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Adoption Leave and Pay

This employment guide is a summary of your employees’ rights to adoption leave and pay.

Introduction

Eligible employees who have been ‘matched’ with a child may take up to 52 weeks adoption leave. They may also be entitled to 39 weeks of statutory adoption pay.

If a couple jointly adopt a child, one may take adoption leave and the other parent may be able to take paternity leave or shared parental leave.

Adoption leave and adoption pay may be available to:

  • Individuals who adopt.
  • One member of a couple where the couple adopt jointly (the couple may choose which partner takes adoption leave).

Eligibility

To qualify for adoption leave, an employee must be newly matched with a child for adoption by an approved adoption agency.

Your employee will not qualify for statutory adoption leave or adoption pay if he or she:

  • Arranges a private adoption.
  • Becomes a special guardian or foster parent.
  • Adopts a step-child.

If your employee is adopting a child from overseas then different rules apply; please contact our advisors for further advice on this. Call us on 01455 444 222.

Key rights

Adopters are entitled to:

  • 52 weeks statutory adoption leave split into 26 weeks ‘ordinary’ adoption leave and 26 weeks ‘additional’ adoption leave.
  • Statutory adoption pay for up to 39 weeks plus up to 13 weeks unpaid leave.
  • Paid time off to attend up to five adoption appointments once matched with a child.
  • The right to return to the same job.
  • Protection from ‘detriment’ (eg, no adverse changes to terms and conditions of employment) or dismissal relating to adoption leave.
  • Priority to be offered suitable alternative employment in redundancy.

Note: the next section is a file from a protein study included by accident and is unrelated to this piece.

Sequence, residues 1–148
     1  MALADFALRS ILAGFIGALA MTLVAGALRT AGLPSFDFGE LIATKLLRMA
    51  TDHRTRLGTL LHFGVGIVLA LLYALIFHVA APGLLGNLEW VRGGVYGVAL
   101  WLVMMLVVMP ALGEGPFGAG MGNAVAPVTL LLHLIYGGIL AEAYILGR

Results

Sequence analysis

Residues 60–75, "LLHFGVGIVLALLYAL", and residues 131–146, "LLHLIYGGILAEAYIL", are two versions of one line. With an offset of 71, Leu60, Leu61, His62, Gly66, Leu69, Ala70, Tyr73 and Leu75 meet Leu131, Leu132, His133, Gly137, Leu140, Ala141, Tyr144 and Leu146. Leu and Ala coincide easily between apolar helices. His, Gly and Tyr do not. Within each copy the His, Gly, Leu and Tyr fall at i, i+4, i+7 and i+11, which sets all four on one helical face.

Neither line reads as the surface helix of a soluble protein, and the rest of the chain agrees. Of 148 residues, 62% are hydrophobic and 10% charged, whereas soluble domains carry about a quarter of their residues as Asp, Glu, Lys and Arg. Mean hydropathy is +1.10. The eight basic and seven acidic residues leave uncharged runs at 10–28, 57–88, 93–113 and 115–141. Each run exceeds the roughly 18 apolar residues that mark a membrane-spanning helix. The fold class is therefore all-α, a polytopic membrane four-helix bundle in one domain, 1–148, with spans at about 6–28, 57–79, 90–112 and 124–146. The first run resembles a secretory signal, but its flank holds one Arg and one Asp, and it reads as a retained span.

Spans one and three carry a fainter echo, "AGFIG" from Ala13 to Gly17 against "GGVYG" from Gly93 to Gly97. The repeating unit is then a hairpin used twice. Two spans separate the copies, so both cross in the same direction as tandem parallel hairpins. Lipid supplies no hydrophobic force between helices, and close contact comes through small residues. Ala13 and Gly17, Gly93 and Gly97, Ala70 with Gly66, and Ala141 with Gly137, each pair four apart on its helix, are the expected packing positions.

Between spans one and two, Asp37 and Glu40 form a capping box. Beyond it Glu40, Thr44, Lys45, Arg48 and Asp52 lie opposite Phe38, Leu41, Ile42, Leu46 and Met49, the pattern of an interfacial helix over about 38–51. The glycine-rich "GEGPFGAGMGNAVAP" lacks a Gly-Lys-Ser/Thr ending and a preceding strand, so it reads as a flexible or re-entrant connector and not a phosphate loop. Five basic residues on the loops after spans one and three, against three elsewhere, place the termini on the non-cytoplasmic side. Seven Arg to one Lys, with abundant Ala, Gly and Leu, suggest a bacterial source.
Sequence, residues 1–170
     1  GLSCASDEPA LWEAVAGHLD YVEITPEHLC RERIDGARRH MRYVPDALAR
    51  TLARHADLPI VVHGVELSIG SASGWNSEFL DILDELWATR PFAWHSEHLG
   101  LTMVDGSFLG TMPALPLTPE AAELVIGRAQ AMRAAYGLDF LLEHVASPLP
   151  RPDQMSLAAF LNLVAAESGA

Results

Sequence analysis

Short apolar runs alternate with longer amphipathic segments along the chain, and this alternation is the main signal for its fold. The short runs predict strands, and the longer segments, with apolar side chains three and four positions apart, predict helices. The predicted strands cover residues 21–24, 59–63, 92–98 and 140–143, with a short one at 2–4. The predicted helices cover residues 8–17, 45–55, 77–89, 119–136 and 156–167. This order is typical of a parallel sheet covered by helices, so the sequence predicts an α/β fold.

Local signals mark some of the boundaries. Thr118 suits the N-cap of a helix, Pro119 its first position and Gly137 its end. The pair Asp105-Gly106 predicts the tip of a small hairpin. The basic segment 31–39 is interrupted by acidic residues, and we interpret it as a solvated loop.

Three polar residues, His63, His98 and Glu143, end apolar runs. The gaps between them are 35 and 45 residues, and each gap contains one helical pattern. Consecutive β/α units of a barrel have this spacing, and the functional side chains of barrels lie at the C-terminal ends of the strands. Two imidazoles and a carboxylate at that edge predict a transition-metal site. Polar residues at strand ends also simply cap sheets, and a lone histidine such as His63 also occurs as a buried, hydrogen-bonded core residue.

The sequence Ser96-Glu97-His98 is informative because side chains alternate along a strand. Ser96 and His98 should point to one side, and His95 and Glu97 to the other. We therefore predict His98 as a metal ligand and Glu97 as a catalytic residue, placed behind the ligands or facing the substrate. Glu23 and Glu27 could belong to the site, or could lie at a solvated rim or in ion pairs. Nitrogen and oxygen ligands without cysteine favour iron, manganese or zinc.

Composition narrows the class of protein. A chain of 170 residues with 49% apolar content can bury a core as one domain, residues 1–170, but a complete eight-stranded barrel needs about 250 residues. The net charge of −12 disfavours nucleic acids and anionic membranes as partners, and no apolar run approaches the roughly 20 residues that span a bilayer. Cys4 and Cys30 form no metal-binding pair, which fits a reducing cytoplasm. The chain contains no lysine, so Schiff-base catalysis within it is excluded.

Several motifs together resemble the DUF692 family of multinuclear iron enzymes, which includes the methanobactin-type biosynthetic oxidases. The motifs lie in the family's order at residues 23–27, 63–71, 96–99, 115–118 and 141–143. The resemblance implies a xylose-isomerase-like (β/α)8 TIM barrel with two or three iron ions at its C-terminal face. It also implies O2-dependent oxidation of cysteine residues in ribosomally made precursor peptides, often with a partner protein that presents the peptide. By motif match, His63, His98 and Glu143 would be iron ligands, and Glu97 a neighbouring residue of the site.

Taking adoption leave

Adopters can choose to start their leave:

  • From the date of the child’s placement (whether this is earlier or later than expected).

Or

  • From a fixed date, which can be up to 14 days before the expected date of placement.

Leave can start on any day of the week.

Only one period of leave will be available even if more than one child is placed for adoption as part of the same arrangement.

If the child’s placement ends during the adoption leave period, the adopter will be able to continue adoption leave for up to eight weeks after the end of the placement.

Keeping in touch days

You may agree with your employee that up to ten paid days of work or training is undertaken without bringing the adoption leave or paternity leave to an end. These ‘keeping in touch’ days are intended to maintain contact with your employee during the period of leave.

If the employee does have some ‘keeping in touch’ days, the adoption leave or paternity leave period is not extended to take this into account.

Statutory adoption pay

During their adoption leave most adopters will be entitled to statutory adoption pay (SAP) from you. This will only apply if your employee:

  • Has worked for you for at least 26 weeks by the week he or she was matched with a child.
  • Earns at least the current lower earnings limit for National Insurance contributions. Our advisors will be able to tell you what this figure is currently.
  • Has given appropriate notice (see below).
  • Has provided proof of adoption (see below).

You will have to pay SAP for up to 39 weeks.

  • The first six weeks are paid at 90 per cent of average weekly earnings. After that, the rate of SAP will be the same as the standard rate of statutory maternity pay. If you are uncertain as to the current statutory pay rates just give us a call on 01455 444 222 or contact us.

Adopters whose average weekly earnings are below the lower earnings limit for National Insurance contributions will not qualify for SAP. The Benefits Agency will be able to advise the adopter on available benefits.